Lower back pain is a leading cause of disability, but many sufferers are being given the wrong care and treatment according to new research published in The Lancet.
The research questions the benefits of intrusive scans whilst doubting the effectiveness of strong drugs, injections and surgery, and suggests physical therapies and keeping active are far better back pain management strategies.
Agreeing with the findings, Kevin Huffington, Clinical Director at Central Health, says:
“This all fits with a lot of the research coming through, suggesting that the correlation with investigations such as MRI are not conclusive to the cause of back pain.
“At Central we view most back pain as mechanical, usually caused by the torsional (tightening) effects of the soft tissue attachments on the skeleton, including the spine and the pelvis.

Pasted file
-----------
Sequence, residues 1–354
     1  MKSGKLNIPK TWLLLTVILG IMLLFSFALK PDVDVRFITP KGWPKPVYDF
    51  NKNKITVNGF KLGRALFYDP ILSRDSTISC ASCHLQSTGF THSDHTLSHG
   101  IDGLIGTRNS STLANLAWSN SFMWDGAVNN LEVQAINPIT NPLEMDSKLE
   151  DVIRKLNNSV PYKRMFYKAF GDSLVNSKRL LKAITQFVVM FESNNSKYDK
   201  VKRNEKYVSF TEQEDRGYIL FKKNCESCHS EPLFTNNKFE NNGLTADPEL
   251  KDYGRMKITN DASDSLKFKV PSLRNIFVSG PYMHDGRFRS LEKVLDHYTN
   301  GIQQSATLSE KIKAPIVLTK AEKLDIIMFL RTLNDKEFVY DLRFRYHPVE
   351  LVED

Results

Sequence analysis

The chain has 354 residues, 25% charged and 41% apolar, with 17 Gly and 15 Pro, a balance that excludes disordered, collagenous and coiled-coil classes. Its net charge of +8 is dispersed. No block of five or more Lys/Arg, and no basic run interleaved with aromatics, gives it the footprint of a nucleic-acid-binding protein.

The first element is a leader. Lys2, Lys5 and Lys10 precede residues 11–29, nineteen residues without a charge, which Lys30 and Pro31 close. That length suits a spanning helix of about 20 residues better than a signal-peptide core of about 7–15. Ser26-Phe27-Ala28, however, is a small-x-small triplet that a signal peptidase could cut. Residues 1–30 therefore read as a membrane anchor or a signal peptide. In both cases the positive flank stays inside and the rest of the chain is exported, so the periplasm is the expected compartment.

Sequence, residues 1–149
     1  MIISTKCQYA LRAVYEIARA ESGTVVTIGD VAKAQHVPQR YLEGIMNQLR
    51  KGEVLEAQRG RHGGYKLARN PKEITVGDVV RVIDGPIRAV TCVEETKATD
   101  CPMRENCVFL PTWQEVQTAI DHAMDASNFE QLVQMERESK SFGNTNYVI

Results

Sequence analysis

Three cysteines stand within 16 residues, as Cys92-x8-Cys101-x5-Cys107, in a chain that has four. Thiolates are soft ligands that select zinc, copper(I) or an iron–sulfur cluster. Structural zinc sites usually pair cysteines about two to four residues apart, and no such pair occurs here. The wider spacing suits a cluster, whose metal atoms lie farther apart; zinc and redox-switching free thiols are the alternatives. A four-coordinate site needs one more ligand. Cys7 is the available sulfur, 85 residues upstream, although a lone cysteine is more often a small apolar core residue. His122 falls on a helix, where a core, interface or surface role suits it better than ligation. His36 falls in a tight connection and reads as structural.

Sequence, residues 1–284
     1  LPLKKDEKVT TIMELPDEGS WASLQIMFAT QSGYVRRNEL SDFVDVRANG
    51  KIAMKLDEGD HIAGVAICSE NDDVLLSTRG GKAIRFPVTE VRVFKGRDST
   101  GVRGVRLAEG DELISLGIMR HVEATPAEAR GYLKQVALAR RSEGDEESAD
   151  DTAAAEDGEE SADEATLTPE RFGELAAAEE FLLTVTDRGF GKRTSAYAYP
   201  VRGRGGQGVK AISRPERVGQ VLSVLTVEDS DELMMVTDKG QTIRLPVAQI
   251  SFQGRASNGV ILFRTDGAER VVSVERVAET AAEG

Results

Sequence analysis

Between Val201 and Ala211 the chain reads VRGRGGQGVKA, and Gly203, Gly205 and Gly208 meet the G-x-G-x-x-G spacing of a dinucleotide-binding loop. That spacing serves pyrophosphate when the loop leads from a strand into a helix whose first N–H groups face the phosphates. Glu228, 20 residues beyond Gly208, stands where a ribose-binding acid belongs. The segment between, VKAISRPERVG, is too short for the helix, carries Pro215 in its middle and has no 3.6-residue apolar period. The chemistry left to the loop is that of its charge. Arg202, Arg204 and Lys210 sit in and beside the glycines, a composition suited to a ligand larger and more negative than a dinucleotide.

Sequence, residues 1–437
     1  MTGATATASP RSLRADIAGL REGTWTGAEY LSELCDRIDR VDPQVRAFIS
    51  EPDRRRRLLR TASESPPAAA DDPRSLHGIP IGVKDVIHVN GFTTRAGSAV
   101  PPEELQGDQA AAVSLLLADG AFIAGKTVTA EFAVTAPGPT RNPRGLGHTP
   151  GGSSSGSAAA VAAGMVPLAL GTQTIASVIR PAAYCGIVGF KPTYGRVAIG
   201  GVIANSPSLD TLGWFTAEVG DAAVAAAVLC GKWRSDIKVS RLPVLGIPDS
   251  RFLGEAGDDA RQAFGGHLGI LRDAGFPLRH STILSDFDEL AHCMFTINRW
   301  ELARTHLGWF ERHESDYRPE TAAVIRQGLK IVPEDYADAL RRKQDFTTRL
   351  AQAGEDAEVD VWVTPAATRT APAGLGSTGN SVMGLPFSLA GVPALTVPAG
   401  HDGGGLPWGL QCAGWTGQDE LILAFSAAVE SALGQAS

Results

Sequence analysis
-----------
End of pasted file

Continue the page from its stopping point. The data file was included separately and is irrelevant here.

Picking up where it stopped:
“There can be many contributing factors to this, but some of the most common include general de-conditioning, weight gain and a lack of flexibility; all probably resulting from a lack of exercise and movement and poor ergonomics at work and at home (the way we lift, carry, sit etc) .
“Unfortunately there is no guarantee that you’ll never experience back pain, but certainly exercise, flexibility and better working ergonomics can help to avoid it.
“At Central we specialise in back pain on both an individual and business level (as back pain is one of the main reasons for long-term workplace sickness absence), and take a multi-disciplinary, whole body approach to the problem.
“We believe good diagnosis, patient education and manual therapy treatments, along with a good self-management strategy, including home exercise programmes, are critical in resolving immediate back pain and reducing the frequency of future episodes.”
To read this new back pain research, please visit www.thelancet.com/series/low-back-pain